While beautiful to look at in nature, in our Christian character that’s not what we’re looking for. We want to be rooted and grounded in what we believe and whom we believe – that He is able to answer our prayers and give us the wisdom we need. To shun that, through not asking in faith, is to shun the benefits one would have received otherwise.
James warns, “For let not that man think that he shall receive any thing of the Lord.” Too many are living the faith they profess to have without living in complete faith and assurance in the “Lord.” It may be possible for people to live in compliance with regulations of the faith and have the spirit of faith missing.
This one has a divided mindset. James considers them to be a “double minded man” who is “unstable in all his ways.” If he or she can’t get off the fence here, before the very foundation of their faith, when praying and asking of God, other areas of life are guaranteed to be constantly shifting and fluctuating as well, being blown about in uncertainty.
But for the one, who in complete faith, is asking God for wisdom, God will give it “liberally” and “it shall be given him.” Wow! What a promise!
Endure, There is an Eternal Reward
James 1:9-12 “Let the brother of low degree rejoice in that he is exalted: But the rich, in that he is made low: because as the flower of the grass he shall pass away. For the sun is no sooner risen with a burning heat, but it withereth the grass, and the flower thereof falleth, and the grace of the fashion of it perisheth: so also shall the rich man fade away in his ways. Blessed is the man that endureth temptation: for when he is tried, he shall receive the crown of life, which the Lord hath promised to them that love him.”
Rich or poor, it doesn’t matter. Everyone will experience trials. And, everyone can be taught valuable lessons through those trials. All social classes and backgrounds can find joy during times of adversity.
How is that?
James explains it like this. For the poor, or him of “low degree,” such a one can “rejoice in that he is exalted.” This one’s “right now status” does not determine their joy in life.
It is easy to see the ones without… without as much as others, without as many financial resources, without proper education, and anything else this world stores up as markers for success and happiness.
This one may think he is justified in being sullen, withdrawn, and living a pity-party lifestyle that no one wants to attend. Contrarily, James points out the opposite. Regardless of what he has or didn’t have; no matter how others view his lowliness, or even how he views himself, James declares that joy and rejoicing should still be found in his heart because of the God whom he has placed his trust in, and not his haves and have nots.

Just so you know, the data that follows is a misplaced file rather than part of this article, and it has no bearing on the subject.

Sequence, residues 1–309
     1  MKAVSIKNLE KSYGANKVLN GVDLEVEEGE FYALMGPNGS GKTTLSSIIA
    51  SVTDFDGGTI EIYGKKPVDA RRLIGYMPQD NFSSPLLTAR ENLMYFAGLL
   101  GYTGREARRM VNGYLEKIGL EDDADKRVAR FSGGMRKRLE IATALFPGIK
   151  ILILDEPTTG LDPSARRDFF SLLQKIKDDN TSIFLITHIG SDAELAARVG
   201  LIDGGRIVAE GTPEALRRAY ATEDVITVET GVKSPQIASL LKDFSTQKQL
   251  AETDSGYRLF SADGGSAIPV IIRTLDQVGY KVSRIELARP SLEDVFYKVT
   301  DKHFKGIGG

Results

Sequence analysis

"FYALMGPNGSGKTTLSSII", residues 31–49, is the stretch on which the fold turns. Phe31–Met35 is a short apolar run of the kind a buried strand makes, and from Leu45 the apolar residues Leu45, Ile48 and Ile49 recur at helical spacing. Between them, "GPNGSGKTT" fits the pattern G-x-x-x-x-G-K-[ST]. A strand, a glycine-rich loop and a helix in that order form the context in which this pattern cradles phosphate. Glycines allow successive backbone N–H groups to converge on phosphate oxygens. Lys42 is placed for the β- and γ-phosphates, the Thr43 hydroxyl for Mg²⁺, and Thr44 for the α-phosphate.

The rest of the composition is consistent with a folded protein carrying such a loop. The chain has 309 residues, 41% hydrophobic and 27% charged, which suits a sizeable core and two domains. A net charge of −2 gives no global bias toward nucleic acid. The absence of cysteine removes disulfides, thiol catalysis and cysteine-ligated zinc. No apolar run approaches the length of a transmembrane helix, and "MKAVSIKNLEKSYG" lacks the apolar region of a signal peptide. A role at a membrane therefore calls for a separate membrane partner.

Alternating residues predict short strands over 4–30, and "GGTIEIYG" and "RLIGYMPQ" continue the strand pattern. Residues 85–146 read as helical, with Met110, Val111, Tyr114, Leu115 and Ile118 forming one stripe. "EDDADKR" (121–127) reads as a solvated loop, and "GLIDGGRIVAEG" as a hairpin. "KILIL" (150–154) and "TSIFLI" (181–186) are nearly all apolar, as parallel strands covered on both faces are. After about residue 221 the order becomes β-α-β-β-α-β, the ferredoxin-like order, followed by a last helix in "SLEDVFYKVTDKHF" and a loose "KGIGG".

In this, too, he can “rejoice.” When it’s all said and done, when he parts from this world, it is God who will “exalt” him to the things he has never seen with human eyes or even imagined (compare 1 Corinthians 2:9). He may not have as much as another, but in his trials and temptations, he can still count it all joy!
When Jesus was teaching the Beatitudes, at the end of all those “blessed are” statements that would point out circumstances in which one wouldn’t normally find joy in, Jesus speaks these words: “Rejoice, and be exceedingly glad: for great is your reward in heaven,” (Matthew 5:12). His comments were spoken in relation to being persecuted, something James’ readers are all too familiar with, yet, what He points out is that even in that hardship, Jesus Himself said, “Rejoice!”
And, He wasn’t teaching anything contrary to what He Himself was not willing to do. Hebrews 12:2 tells us, “…who for the joy that was set before him endured the cross, despising the shame…”
As those who are linked to Him in faith, James said every believer can count it all joy no matter their privileged or underprivileged status and life.
And the “rich” are to remember, in humility, that though they may have a lot right now, their days are moving just as fast as anyone else’s in this lifespan each of us has been allotted. Life is a vapor, here today, gone tomorrow (James 4:14).
“As the flower of the grass he shall pass away.” Riches cannot increase his time or secure him a better end. He, too, must depend on the same salvation, the same saving grace, as one who may be without and lacking. The businesses, the homes, the money – nothing he has accumulated in this life will account for anything in eternity. Outside of Christ, low or high, rich or poor, we are all nothing.